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​What’s the Difference Between a Business Chequing Account vs. a Personal Chequing Account

At first glance, business chequing accounts and personal chequing accounts might seem to simply be two different versions of the same thing. Indeed, the similarities are many: both offer basic deposits and withdrawals, as well as check and debit card use. Depending on the financial institution, both may also offer other features, such as online access and overdraft protection.

Business chequing accounts, however, tend to have higher usage fees and balance minimums than personal accounts, sometimes in exchange for higher transaction limits. Most business accounts also allow business owners to issue credit or debit cards to employees for company-related spending.

Many business accounts allow the account to process and receive credit card payments from customers. Another common feature is the ability to grant signing power to an individual other than the primary account holder.

A business account bears both the name of the account holder (or holders), and the name of the business. Additional paperwork is usually required to open such an account.

In some instances, you may be legally obliged to open a business account for your business, thereby ensuring appropriate separation of your personal and professional finances. Check the rules and regulations in your jurisdiction before starting any new venture, and be sure to set up a business chequing account early in the process if it’s required.

The main benefit of a business chequing account is that it offers a secure place to hold and manage the money that moves through your business. Owners can monitor spending and create budgets based on their monthly statements.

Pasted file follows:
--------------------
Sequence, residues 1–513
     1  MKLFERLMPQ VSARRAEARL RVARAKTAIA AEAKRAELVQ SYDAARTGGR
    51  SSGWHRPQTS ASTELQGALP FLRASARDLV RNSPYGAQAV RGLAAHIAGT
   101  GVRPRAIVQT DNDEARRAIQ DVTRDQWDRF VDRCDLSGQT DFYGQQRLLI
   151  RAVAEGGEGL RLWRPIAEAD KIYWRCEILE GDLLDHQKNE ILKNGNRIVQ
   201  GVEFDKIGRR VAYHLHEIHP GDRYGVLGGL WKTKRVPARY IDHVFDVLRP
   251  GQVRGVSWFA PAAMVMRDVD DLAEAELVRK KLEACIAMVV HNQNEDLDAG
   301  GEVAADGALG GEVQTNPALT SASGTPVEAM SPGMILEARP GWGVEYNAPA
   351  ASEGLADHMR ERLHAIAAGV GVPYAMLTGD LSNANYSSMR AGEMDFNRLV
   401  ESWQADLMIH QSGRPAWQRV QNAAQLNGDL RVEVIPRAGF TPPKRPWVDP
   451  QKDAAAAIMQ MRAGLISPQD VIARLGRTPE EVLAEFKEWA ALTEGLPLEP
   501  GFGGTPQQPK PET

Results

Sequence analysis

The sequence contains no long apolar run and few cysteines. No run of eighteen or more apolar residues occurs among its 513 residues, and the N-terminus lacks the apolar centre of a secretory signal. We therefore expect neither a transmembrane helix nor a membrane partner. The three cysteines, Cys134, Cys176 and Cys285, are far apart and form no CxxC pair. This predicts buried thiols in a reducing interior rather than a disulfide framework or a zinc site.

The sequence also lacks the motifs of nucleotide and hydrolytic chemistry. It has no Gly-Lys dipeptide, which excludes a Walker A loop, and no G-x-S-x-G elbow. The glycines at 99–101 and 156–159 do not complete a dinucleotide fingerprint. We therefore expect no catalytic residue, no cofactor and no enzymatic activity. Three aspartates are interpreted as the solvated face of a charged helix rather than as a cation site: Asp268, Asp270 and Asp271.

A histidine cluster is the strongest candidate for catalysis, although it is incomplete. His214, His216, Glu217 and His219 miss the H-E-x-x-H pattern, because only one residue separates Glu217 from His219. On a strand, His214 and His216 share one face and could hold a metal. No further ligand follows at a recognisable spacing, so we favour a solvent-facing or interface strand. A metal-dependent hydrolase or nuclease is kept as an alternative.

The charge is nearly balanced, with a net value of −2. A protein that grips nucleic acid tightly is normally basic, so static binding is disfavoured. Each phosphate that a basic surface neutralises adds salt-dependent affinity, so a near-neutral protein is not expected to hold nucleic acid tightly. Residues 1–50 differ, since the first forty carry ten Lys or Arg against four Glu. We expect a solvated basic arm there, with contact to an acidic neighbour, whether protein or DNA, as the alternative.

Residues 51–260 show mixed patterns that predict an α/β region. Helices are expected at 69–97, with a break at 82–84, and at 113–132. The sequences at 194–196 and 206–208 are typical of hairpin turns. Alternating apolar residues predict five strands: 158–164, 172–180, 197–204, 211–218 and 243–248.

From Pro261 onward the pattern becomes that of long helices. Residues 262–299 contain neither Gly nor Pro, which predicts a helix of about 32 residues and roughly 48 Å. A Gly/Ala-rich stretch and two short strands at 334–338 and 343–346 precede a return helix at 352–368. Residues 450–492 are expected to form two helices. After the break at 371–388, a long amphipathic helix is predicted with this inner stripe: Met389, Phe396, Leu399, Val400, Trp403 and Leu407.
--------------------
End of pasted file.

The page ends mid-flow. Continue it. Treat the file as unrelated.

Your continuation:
Here’s a closer look at a few more reasons why you might want to open a business account for your new business, even if it’s not legally required.

Better bookkeeping saves your business time and money

Mixing up money tends to get messy fast. That’s why separate accounts for personal and business use are so important. When tax time comes and you’re trying to track spending or identify deductions, it’s significantly easier to sort everything out if all your business transactions belong to a single account.

Having a business account might end up saving you time, money on accountant’s fees, and a bunch of potential headaches along the way. That goes double should you ever get audited, which would expose your entire personal account to auditors if it’s not separate from your business.

A pathway to building business credit

A business chequing account allows your business to establish a credit rating, one that’s independent from your personal credit score. Over time, account holders with good credit can apply for business credit cards, or obtain more favourable terms on a business loan, mortgage, or line of credit.

Present a professional image

A business chequing account lends your business a welcome dose of legitimacy in the eyes of customers, suppliers, contractors, staff, and anyone else who transacts with you. This is especially important with customers: buyers feel better when they believe they’re dealing with a professional, trustworthy business, and that’s a hard image to project if you’re still trying to handle business transactions through a generic personal bank account.

Finally, your business chequing account should allow you to receive secure credit card payments from customers, making it safer and easier to sell.

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